Monday, November 13, 2017

A Brief History of Lake Tahoe|Ideal Collectible Art for Your Home




The History of Lake Tahoe



Before it was a popular tourist attraction to visitors in the states of Nevada and California, Lake Tahoe was an alpine lake filled with history.


Lake Tahoe was the heart of the Washoe Indian territory. It was the tribes’ source of food, water, medicinal plants, and even tools. On February 14, 1844, Lt. John C. Frémont discovered the lake during his discovery to the west. Since its discovery, the lake was used to cross the mountains that surrounded it. Even so, its harsh weather kept its visitors in small numbers. Most people who wanted to cross the lake and the mountains surrounding it needed a guide.




Naming the lake sparked controversy over decades. In 1853, it was named as Lake Bigler by the surveyor general of California, William Eddy. This naming was meant to honor California’s third Governor, John Bigler. During the Civil War, Union advocates objected to the name. This was after Governor John Bigler became a Confederate sympathizer. Lt. John C. Frémont insisted on naming the lake “Lake Bonpland” in honor of the French botanist, Aimé Jacques Alexandre Bonpland. But this naming was barely used.

Over the years, the lake’s name became an argument. Some maps used Lake Bigler while others referred to the lake as “Mountain Lake”, “Frémont’s Lake” and “Maheon Lake.” in 1862, the United States Department of the Interior suggested the name Tahoe. The name Tahoe was derived from the Washoe word, “dá’aw”, which meant “the lake”. The legislation officially named the lake “Lake Bigler” in 1870, but the public chose to refer to it as “Lake Tahoe.” Finally, in 1945, the lake was officially named Lake Tahoe.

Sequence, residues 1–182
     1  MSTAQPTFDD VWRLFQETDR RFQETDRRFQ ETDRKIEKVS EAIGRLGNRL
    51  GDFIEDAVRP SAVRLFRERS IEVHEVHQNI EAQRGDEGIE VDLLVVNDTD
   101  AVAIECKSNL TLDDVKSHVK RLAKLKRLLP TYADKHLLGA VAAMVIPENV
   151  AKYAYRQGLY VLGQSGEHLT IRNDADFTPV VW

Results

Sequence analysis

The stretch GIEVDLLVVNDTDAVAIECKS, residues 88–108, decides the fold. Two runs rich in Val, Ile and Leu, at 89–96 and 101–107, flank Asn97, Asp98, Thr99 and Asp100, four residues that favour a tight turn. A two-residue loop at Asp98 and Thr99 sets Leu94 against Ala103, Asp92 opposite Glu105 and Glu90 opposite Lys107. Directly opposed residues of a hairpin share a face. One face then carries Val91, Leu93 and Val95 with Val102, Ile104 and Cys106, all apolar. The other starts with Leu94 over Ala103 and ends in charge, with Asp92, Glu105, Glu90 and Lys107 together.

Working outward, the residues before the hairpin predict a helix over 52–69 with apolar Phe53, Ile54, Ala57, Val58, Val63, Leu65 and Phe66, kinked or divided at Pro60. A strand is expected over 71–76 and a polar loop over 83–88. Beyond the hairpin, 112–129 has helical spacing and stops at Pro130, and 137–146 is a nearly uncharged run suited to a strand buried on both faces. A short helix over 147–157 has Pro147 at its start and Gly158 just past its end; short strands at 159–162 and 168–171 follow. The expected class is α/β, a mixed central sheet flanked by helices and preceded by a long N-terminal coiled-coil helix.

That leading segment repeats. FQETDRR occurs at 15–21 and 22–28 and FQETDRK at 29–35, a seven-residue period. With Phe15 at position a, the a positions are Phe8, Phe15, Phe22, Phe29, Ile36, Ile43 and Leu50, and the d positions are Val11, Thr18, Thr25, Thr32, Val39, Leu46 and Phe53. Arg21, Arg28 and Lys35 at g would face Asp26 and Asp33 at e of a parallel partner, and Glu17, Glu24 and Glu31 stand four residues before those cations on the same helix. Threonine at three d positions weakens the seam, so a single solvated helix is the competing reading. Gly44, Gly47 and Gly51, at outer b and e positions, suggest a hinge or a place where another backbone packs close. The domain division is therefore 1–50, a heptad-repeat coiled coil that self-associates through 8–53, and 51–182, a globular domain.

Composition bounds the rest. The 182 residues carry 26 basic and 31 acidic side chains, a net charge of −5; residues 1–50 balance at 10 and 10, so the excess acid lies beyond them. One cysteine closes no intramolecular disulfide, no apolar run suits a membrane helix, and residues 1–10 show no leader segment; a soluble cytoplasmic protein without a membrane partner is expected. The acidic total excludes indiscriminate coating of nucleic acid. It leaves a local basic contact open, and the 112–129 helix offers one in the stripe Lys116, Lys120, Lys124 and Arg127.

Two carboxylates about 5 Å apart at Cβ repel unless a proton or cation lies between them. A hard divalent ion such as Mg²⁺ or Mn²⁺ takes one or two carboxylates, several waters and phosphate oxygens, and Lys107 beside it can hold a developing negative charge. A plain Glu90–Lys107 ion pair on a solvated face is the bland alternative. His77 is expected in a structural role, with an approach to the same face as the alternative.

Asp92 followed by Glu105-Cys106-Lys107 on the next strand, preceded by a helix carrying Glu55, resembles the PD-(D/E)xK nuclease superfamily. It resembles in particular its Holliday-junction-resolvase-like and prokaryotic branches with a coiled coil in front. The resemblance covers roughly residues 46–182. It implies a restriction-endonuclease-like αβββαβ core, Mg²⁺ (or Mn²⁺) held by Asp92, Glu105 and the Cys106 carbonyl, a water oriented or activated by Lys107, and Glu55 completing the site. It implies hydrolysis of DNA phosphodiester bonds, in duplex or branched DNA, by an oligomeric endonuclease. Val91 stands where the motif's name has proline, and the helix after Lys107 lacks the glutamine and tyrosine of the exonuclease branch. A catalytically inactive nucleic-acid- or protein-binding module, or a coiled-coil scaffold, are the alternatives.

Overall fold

When the Comstock Lode was discovered in Virginia city. With the city just 15 miles to the east of the lake, miners interested in the silver set their eyes on the nearby Lake Tahoe and its mountains. In 1861, the mining’s demand for lumber and fuel directed Sam Clemens to the east shore of the lake. There, he found trees that would meet the mining’s demands. This led to the first settlements within the area of Lake Tahoe, other than native settlers from the Washoe tribes. Unfortunately, this resulted in a massive forest fire by Clemens’ camp. The fire drove the lumberers out of the lake.

Even so, Tahoe city was founded in 1864. The city became a recreational spot for the miners from the Comstock Lode. This was the beginning of Lake Tahoe’s reputation for being a recreational destination. Vacation homes were built around the lake during the early 20th century. The popularity of gambling casinos in Nevada, which lies at the east side of Lake Tahoe, and the success of the 1960 Winter Olympics in Squaw Valley, which is located less than 10 miles from the lake, its development boomed.



Today, Lake Tahoe is a known destination spot for those visiting California and Nevada, the states that border the lake. Its vast waters and mountain ranges make it a popular choice for those interested in watersports, hiking, fishing, skiing, snowboarding, and many other activities.

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